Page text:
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Re: Perplexing interrupt problem

by baxtertidwell on Thu Mar 18, 2021 2:29 pm

Thanks, Mike. That worked. Here's my demonstration code just in case anyone else has the same problem:

Code: Select all | TOGGLE FULL SIZE
#include <Arduino.h>

#define FRONT_DOOR_SWITCH A2
#define BACK_DOOR_SWITCH A3

volatile bool frontDoor = LOW;
volatile bool backDoor = LOW;

void isr()
{
   static unsigned long last_interrupt_time = 0;
   unsigned long interrupt_time = millis();
   // If interrupts come faster than 200ms, assume it's a bounce and ignore
   if (interrupt_time - last_interrupt_time > 50)
   {
      int fds = digitalRead(FRONT_DOOR_SWITCH);
      int bds = digitalRead(BACK_DOOR_SWITCH);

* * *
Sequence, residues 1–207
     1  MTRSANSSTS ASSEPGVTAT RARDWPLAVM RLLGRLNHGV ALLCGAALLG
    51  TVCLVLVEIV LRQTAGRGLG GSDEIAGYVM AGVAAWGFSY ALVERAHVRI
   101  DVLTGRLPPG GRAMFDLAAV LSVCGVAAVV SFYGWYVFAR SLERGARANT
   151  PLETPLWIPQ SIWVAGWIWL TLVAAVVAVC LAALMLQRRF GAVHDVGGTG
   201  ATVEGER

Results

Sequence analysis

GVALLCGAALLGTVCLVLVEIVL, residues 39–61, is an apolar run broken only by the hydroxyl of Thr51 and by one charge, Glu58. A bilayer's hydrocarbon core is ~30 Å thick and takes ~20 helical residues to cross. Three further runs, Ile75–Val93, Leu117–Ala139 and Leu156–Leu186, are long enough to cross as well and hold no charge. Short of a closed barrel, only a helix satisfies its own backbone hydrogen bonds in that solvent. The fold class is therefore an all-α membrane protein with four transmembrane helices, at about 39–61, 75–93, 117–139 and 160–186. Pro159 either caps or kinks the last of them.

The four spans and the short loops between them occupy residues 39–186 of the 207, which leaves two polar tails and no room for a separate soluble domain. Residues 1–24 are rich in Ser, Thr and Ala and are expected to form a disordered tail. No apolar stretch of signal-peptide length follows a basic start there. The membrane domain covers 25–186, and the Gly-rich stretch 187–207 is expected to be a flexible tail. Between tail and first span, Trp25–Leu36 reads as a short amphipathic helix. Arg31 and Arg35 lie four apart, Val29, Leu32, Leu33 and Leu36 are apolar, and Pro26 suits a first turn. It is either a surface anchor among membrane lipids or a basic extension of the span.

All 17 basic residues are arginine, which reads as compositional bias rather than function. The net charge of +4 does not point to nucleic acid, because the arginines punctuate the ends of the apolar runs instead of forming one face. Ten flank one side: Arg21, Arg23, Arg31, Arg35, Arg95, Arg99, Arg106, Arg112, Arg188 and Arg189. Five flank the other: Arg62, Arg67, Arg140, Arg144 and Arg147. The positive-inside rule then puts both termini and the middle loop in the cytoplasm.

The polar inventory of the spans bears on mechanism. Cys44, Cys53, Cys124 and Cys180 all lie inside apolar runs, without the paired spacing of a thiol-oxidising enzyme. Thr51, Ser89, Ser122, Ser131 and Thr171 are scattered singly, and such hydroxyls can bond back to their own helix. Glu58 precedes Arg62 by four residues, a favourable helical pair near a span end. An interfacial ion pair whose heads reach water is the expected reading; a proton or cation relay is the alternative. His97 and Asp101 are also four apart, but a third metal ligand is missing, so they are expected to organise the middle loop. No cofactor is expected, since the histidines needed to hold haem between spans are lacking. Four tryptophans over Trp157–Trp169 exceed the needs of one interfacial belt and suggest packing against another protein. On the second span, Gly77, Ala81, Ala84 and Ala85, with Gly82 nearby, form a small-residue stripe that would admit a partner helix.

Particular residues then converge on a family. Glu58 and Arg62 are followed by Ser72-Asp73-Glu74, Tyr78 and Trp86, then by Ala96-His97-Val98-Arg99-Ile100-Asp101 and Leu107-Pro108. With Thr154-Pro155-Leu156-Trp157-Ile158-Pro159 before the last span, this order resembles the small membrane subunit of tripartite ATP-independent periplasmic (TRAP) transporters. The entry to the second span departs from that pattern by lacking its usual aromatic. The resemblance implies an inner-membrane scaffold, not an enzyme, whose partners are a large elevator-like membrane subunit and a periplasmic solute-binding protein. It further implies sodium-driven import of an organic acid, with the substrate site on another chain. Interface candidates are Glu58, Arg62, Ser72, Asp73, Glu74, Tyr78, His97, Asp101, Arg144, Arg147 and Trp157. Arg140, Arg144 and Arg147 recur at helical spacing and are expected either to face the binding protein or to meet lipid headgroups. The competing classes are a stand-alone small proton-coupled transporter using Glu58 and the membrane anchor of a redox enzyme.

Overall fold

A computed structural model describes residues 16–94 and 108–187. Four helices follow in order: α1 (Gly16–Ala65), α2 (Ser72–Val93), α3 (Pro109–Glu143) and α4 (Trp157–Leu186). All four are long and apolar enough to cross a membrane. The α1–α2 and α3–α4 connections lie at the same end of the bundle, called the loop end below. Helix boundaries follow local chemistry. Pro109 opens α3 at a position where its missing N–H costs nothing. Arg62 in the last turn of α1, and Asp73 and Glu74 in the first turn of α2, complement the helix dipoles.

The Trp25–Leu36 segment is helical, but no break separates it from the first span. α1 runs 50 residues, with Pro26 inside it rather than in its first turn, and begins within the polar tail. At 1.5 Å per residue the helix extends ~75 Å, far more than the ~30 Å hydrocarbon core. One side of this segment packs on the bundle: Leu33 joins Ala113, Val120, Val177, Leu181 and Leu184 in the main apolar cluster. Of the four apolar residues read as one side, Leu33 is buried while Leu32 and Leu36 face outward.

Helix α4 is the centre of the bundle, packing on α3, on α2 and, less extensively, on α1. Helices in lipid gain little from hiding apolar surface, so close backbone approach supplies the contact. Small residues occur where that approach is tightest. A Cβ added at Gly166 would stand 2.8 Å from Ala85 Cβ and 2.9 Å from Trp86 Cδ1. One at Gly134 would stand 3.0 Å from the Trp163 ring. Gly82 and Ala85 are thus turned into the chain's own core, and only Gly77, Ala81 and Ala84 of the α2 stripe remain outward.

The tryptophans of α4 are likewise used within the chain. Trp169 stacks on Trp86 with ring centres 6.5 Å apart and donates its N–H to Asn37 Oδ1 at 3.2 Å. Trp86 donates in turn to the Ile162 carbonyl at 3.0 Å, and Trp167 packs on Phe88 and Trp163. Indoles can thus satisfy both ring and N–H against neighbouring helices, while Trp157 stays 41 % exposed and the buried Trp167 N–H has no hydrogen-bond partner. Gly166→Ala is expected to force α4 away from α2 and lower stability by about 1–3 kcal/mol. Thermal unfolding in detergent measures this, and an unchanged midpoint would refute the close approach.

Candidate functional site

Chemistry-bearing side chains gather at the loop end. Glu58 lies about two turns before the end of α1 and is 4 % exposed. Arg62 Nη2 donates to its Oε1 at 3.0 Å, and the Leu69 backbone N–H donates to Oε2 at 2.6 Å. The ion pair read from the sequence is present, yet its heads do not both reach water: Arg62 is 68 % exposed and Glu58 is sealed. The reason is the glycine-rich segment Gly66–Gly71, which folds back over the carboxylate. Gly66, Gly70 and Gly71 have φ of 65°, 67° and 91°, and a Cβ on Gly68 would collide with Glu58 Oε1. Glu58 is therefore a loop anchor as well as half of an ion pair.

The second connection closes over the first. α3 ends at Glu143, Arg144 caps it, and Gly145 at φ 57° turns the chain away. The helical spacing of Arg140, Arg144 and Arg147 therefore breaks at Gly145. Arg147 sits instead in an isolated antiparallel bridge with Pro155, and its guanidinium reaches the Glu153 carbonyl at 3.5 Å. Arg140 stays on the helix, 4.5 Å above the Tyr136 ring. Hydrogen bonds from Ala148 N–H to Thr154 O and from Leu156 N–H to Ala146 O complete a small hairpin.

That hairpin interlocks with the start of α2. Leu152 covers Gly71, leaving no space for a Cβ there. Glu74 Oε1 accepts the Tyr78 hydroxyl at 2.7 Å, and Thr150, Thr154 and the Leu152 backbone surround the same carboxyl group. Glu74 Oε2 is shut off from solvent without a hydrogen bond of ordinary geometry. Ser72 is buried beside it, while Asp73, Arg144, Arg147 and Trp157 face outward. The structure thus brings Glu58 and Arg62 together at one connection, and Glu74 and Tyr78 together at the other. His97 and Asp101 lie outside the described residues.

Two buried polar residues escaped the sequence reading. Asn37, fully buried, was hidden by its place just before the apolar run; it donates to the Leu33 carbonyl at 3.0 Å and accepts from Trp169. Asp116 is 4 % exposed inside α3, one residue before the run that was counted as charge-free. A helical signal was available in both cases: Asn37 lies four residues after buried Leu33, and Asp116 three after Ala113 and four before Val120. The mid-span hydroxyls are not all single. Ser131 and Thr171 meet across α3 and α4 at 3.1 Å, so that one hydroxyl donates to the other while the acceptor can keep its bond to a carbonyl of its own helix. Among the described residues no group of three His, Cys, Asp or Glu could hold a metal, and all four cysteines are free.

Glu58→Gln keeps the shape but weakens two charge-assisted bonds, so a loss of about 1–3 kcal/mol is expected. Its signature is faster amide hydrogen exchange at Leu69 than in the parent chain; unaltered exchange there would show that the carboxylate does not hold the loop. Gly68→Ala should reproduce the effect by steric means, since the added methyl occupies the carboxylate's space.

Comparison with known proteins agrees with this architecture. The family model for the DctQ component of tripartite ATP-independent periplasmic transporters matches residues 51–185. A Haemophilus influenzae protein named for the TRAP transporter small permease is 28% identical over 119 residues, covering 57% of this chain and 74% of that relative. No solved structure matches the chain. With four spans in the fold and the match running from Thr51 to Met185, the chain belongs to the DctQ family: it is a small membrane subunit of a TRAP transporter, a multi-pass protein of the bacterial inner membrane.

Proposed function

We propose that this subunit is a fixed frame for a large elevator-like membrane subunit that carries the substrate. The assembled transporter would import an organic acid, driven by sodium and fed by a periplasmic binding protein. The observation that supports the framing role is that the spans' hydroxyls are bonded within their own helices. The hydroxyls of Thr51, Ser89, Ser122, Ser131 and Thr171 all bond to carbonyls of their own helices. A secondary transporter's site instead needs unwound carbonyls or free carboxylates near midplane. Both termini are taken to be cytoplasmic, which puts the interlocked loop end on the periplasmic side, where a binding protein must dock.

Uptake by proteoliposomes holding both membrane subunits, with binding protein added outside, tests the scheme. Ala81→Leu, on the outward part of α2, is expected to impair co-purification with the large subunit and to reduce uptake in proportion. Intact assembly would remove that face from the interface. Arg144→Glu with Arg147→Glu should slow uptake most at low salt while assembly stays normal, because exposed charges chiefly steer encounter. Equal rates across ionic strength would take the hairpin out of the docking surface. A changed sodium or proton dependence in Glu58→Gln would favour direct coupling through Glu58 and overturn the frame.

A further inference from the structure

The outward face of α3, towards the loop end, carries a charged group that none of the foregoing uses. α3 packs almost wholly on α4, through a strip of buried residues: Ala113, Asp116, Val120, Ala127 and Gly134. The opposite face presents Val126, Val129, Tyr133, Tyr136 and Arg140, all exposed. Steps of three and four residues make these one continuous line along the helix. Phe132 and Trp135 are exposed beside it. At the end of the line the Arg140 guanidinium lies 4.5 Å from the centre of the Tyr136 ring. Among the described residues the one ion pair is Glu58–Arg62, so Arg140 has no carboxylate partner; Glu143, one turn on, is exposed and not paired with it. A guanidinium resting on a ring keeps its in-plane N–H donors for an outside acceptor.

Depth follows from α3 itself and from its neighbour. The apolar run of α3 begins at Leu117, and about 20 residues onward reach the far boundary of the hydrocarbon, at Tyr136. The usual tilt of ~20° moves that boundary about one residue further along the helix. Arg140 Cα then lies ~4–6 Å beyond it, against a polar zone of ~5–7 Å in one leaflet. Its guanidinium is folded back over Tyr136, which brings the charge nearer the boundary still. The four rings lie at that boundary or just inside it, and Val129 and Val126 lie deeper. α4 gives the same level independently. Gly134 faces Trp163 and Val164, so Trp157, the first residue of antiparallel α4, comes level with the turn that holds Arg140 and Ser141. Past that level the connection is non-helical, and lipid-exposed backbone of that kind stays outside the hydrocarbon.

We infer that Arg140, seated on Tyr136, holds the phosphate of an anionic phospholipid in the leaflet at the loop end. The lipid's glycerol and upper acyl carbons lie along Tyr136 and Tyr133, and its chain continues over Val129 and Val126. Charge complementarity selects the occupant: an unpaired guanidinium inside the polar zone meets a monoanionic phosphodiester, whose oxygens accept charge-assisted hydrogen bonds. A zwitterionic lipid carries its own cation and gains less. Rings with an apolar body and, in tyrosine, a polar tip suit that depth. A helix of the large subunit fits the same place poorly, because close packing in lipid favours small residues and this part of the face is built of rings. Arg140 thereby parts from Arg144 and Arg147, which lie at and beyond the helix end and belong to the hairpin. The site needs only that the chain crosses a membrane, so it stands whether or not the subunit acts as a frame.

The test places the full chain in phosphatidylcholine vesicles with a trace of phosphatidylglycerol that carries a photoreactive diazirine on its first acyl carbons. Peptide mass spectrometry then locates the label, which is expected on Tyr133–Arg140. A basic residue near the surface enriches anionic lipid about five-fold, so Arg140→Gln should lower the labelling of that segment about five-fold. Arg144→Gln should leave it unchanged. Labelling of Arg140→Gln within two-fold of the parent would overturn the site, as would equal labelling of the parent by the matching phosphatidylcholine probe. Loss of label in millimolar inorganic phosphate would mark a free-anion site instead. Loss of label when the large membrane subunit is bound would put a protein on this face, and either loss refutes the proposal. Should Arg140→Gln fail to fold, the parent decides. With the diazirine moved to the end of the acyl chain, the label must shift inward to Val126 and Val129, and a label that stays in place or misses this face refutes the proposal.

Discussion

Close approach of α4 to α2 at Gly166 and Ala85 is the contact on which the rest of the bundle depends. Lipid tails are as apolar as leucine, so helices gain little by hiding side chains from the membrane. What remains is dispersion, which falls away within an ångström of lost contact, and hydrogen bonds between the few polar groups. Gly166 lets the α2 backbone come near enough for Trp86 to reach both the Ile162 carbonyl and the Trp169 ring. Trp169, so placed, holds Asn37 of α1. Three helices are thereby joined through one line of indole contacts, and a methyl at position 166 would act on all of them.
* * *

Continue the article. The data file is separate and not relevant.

if (fds == HIGH) frontDoor = HIGH;
      if (fds == LOW) frontDoor = LOW;
      if (bds == HIGH) backDoor = HIGH;
      if (bds == LOW) backDoor = LOW;
      last_interrupt_time = interrupt_time;
   }
}

void setup()
{
   Serial.begin(115200);
   while (!Serial);
   Serial.println("in setup...");
   pinMode(FRONT_DOOR_SWITCH, INPUT_PULLDOWN);
   pinMode(BACK_DOOR_SWITCH, INPUT_PULLDOWN);
      
   attachInterrupt(digitalPinToInterrupt(FRONT_DOOR_SWITCH), isr, CHANGE);
   attachInterrupt(digitalPinToInterrupt(BACK_DOOR_SWITCH), isr, CHANGE);
}

bool lastFrontDoor = LOW;
bool lastBackDoor = LOW;

void loop()
{
   if ((frontDoor == HIGH) && (lastFrontDoor == LOW))
   {
      Serial.print("fd+");
      lastFrontDoor = HIGH;
   }
   if ((frontDoor == LOW) && (lastFrontDoor == HIGH))